I just had to share this essay in the Hudson Review. You all know that I love history in general and have been on a kick lately reading about Native American history in particular. This essay is one of the best things I have read lately on any subject. It’s ostensibly about the Huron tribe, but the author dwells for quite a while about how he came to love history and the improbable relationships he’s developed with various people who also share his passion. It’s wonderful on so many levels, not the least of which is the observation that some of the best history students are not academics at all.

History is not an American pastime. This is partly due, I think, to the fact that history has long been presented to schoolchildren as a thing from which they are meant to draw “lessons,” as though history were a series of unfortunate incidents involving hot skillets and monkey cages, which, in some ways, I suppose it is. The past is something that maladjusted people “dwell on,” after all. “The belief that history has a present use when properly read,” wrote Jacques Barzun in From Dawn to Decadence, “is a mark of the modern temper; whole periods and peoples have done quite well without it,” and that seems true enough. Remembrance is morbid, unprofitable. It’s impractical, impolite in certain company. And plainly, we survive whether we record our deeds and disasters for posterity, or we don’t.

Hahahaha. But it is true. This is one of the things I loathed about studying history in school. So much moralizing about irreconcilably messy events and people. So many caricatures. “What did you learn about humanity from this story?” being asked by people who skipped all the fantastic, unlikely, insane, totally unpredictable details in favor of some tedious and not-wholly-accurate thesis.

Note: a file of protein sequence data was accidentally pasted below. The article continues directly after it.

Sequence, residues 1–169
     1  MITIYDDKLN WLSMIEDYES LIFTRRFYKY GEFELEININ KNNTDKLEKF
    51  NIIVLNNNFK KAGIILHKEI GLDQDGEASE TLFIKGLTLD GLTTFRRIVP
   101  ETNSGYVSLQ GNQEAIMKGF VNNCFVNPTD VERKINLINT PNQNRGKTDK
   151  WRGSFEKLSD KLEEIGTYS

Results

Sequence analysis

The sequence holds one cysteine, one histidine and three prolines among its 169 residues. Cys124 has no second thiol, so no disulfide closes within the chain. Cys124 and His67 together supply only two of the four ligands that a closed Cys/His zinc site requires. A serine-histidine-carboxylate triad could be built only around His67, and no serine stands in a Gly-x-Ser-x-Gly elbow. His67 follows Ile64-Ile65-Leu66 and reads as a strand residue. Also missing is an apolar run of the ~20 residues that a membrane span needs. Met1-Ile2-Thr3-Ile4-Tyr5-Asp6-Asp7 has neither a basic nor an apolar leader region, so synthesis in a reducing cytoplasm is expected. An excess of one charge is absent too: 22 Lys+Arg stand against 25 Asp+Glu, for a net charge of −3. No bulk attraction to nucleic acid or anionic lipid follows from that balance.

The neighborhood was under construction in the summer of 1982, and I scoured the half-built houses for refundable pop bottles and cans discarded by the roofers and framers. Sunday mornings, I filled a sack with empties, arranged the cans on the driveway at home, and stomped them one by one till my socks turned tacky with sour beer and cola. Each empty bottle brought me a dime closer to Francis Parkman’s History of France and England in North America, the two-volume Library of America edition with Prussian blue silk ribbons for page-keepers. The set cost forty dollars, or a couple thousand cans, or several hundred bottles. I grew anxious and mulled schemes to swindle the History Book Club, which would doubtless sell out of copies long before I could steal enough loose change to buy my own.